Spring brings opening day for major league baseball and another equally competitive event – who wins the 85,000 H-1B visa quotas for importing skilled (principally technology) workers to the US. In 2013, the quota was exhausted within days, leading to a lottery selection. Immigration lawyers predict even more demand this year.
Lawyers and human resources staff scheme on how to use ‘cultural exchange’ and ‘extraordinary talent’ visa programmes; well-established firms hire folks for an office in another country and then ‘transfer’ them via an L-1 visa once they have worked for the company for at least a year.
Some tech companies are accused of gaming the system by expanding ‘internships’ through what is called the Optional Practical Training programme. Last year, the US approved 123,000 applications from companies to bring in ‘students’ who are allowed to work in the country for as long as 29 months.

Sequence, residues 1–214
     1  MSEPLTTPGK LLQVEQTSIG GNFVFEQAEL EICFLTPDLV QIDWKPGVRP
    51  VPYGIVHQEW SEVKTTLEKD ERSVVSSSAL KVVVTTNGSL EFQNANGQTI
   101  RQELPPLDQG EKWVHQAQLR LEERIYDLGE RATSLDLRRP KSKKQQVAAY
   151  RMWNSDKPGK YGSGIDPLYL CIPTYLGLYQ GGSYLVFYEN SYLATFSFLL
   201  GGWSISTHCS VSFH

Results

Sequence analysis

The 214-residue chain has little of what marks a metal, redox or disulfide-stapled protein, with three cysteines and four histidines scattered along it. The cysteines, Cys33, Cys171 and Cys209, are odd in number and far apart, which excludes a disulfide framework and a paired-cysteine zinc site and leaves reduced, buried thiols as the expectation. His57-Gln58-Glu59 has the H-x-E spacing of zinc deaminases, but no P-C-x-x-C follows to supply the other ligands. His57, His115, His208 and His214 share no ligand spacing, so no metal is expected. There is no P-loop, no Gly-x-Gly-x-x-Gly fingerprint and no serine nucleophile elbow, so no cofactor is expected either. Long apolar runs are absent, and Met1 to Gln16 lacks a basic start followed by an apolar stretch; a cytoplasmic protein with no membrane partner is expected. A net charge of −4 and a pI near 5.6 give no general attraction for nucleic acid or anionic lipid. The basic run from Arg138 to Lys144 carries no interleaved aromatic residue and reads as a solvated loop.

While the US has allowed itself to be populated with millions of undocumented folks who have just walked in, it continues to make it difficult to do what many other developed countries have done – recruit and import already educated and trained talent from abroad.
I heard a former president suggest to an oversold New York ballroom that one answer would be to teach Native Americans how to program computers, so the US could, in his words, replace those foreign Indians with our own Indians. No wonder the US has seen fit to create a special visa category even for fashion models.
And the crux of the immigration debate seems to be about how to make the illegal immigrants legal.
Not much is said at the top about how to help assure the country has the talent it needs today to achieve and maintain pre-eminence in innovation and the growth that can result from that.
It’s time someone said 'play ball'.
Daniel Malachuk works with business and government leaders on global direct investment strategies. He has advised many of the world's leading companies and served in the US public sector as director of White House operations.